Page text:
Disclosure: Foodsaver did not provide me with any products or compensation for this post. The system is mine personally and I was not solicited to do a review. All the opinions in this post are mine, want to know more about how I facilitate reviews, view my full disclosure policy!

**Affliate links are in this post**

21 Responses to “Get Started: Using A Foodsaver for Freezing”

  1. May says:

    I love the fact that the food stays fresh. I’ve browned ground turkey and portioned them out and when I reheated it, it wasn’t dry or dull! Just make sure to pre-freeze liquid items though lol. I didn’t realize this when I first got it (even with fresh meat) and made a mess! Reading directions/watching youtube tutorials really does help lol.

  2. Rose says:

    I have had a Foodsaver for many years and I love it. One of my tricks is when I buy the box of rolls at Costco, I cut the roll down to the size of the quart or gallon bag and close one end. I have a drawer I stack them in so they are all ready to go when I cook.
    I also had a hard time filling the bags because it seemed like it took to many hands, so I made a device with dowels and binder clips to hold the bags up and I use a canning funnel to fill the bags. It works perfectly.

  3. Trish says:

    I’ve had a Foodsaver for probably over 10 years & love them (like your parents, I upgraded & passed on my original). I’m not yet a big meal freezer (working up to it) but like to make large batches of soup, freeze in single-serving sizes, pop out & vacuum seal each separately. Great for packing for lunch @ work! :-)

  4. Emily says:

    How to you keep from getting the moisture vac’d out so that the bag doesn’t seal? I am getting frustrated. I freeze fiddleheads and am using a salad spinner and drying them with a paper towel and am still getting some bags that don’t seal! Argh! Any ideas besides freezing the fiddleheads first?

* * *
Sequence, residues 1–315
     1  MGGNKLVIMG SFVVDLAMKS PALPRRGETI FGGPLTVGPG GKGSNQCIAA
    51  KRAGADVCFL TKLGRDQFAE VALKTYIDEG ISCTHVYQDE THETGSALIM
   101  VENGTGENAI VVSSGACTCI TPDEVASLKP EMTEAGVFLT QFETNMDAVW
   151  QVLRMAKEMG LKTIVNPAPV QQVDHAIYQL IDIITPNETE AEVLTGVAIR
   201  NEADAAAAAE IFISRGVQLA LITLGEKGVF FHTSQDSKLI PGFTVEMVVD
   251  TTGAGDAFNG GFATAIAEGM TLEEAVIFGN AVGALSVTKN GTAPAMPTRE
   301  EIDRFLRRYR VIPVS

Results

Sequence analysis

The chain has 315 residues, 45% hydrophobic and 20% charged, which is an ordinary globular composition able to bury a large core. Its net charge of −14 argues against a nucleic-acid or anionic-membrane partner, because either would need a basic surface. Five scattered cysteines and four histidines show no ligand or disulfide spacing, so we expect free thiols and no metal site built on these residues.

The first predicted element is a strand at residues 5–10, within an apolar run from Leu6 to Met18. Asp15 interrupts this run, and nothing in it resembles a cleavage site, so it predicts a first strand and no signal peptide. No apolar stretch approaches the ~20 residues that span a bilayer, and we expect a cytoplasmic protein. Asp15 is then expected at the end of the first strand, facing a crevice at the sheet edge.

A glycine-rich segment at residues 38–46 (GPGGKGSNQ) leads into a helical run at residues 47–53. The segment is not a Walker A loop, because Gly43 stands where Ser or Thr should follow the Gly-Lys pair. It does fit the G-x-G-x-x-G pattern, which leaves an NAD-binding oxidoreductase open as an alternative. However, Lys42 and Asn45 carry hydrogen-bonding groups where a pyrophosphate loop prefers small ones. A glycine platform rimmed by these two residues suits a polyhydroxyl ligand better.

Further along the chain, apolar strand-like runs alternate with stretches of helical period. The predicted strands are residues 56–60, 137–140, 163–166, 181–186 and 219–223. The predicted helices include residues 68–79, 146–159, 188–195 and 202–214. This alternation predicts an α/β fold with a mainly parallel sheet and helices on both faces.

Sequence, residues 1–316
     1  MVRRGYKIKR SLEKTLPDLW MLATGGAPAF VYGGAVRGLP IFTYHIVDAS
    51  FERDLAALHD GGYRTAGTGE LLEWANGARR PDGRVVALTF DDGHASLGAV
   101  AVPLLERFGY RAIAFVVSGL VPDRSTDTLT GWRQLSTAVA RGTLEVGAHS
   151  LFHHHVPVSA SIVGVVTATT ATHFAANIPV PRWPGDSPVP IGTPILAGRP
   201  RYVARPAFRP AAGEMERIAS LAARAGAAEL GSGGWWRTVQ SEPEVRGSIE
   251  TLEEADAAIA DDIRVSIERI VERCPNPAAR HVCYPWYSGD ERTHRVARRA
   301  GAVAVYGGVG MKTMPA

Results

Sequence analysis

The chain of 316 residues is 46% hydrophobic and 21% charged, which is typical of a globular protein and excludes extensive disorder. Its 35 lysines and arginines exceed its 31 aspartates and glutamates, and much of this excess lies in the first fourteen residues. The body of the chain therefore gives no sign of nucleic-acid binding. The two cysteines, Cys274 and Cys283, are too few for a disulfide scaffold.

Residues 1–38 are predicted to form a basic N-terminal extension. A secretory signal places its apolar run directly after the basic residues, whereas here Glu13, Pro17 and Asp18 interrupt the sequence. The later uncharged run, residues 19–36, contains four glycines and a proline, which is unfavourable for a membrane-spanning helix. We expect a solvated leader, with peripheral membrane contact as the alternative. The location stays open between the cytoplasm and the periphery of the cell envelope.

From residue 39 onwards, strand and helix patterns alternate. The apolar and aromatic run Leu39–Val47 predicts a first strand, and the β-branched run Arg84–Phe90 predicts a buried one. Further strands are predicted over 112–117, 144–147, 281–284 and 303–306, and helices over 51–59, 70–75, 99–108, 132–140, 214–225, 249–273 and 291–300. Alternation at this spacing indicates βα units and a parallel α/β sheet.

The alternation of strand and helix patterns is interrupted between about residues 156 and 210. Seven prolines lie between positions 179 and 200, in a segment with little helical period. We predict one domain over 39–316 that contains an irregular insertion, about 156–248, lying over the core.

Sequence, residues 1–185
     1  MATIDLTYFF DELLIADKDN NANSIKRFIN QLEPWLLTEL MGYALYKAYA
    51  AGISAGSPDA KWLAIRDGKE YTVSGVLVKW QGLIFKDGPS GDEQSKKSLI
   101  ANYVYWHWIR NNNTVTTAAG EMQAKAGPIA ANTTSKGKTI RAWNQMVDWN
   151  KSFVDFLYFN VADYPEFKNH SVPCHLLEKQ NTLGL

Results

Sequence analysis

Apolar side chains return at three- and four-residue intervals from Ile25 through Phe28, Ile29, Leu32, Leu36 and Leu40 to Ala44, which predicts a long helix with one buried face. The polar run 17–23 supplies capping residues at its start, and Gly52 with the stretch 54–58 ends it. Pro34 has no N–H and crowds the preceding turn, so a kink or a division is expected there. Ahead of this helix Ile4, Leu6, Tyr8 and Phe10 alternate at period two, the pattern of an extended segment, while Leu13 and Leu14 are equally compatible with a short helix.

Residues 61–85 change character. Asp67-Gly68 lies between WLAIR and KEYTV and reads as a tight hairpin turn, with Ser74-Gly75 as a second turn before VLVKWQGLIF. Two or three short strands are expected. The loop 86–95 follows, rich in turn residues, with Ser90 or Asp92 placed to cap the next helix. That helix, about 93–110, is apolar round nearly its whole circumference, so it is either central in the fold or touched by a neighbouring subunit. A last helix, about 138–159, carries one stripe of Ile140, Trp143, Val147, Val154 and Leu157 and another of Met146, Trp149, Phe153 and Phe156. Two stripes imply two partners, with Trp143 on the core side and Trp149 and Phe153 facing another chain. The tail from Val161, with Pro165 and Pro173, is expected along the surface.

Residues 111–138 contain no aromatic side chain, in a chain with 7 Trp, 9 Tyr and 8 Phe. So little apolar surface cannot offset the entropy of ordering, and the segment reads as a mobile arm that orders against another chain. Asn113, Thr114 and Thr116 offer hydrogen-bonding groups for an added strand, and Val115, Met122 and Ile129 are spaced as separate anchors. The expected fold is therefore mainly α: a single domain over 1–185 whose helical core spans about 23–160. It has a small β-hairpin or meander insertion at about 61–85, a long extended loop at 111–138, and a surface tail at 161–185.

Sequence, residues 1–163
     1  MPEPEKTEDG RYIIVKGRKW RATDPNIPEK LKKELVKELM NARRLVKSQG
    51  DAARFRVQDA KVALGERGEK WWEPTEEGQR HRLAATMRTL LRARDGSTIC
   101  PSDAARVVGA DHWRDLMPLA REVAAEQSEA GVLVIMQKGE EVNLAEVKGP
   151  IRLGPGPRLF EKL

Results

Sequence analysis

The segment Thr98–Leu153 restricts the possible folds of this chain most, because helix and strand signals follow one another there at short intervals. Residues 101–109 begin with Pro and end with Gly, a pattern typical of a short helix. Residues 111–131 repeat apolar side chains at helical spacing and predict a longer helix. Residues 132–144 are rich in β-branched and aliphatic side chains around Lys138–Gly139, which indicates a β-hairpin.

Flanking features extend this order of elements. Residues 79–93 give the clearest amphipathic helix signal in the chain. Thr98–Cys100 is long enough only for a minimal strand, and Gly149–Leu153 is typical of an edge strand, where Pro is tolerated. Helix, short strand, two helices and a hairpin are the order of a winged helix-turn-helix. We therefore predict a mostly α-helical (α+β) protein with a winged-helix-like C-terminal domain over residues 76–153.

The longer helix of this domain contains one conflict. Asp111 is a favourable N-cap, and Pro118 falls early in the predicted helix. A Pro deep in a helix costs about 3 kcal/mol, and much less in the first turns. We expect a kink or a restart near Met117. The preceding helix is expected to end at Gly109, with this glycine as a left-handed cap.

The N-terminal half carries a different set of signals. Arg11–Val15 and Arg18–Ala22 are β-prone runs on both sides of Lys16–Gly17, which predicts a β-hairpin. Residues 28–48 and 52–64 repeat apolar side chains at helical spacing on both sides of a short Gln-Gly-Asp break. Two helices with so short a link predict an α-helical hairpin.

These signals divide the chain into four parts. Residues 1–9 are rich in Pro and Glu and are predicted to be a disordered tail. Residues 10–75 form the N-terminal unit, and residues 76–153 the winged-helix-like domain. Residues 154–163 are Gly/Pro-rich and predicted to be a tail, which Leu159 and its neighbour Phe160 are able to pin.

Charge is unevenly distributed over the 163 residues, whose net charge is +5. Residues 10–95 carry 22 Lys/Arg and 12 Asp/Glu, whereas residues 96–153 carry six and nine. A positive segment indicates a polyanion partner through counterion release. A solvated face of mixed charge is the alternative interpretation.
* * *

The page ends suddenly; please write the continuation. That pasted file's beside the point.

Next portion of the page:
• Tricia says:

      The only other suggestion might be a Foodsaver. We have a couple picked out in our OAMM Amazon store that we like. http://astore.amazon.com/oamm-n-kitchen-20?_encoding=UTF8&node=1

    • Jessica says:

      I had the same issue with some carrots last month. I bought a 5 lb bag of carrots & had to slice, blanch, & freeze them. I Sliced & blanched, drained as best as I could, put in FoodSaver bags, and tried to seal one. It just KEPT vacuuming liquid out. So I stopped it, folded up a paper towel lengthwise a few times, & inserted the paper towel between the carrots & the sealer. It absorbed the liquid that the vacuum extracted, giving the sealer time to work. It looks funny, but it works.

    • Angela says:

      You have to freeze the items first, then vacuum & seal them. You can freeze them in the unsealed bags.

      • Sarah says:

        If the juice from raw carrots is an issue, how do you freeze soup raw meats? I know you said you should freeze some foods first, but this prevents you from laying them flat to freeze so you can conserve space.

    • Patti says:

      The newer model Foodsavers have a setting for sealing items that contain liquids. It works great. If its just minor juice then I use the paper towel trick or put the bag over the edge of counter so it takes longer for those liquids to come up giving time for the bag to seal.